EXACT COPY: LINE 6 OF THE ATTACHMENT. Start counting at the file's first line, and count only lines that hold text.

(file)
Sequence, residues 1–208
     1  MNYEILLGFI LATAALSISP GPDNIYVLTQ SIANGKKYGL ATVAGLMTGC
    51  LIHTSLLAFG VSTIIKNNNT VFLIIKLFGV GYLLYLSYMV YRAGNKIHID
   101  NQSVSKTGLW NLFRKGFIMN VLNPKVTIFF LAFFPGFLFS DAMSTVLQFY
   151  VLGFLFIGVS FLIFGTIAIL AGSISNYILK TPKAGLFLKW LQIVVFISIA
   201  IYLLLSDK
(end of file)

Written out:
   201  IYLLLSDK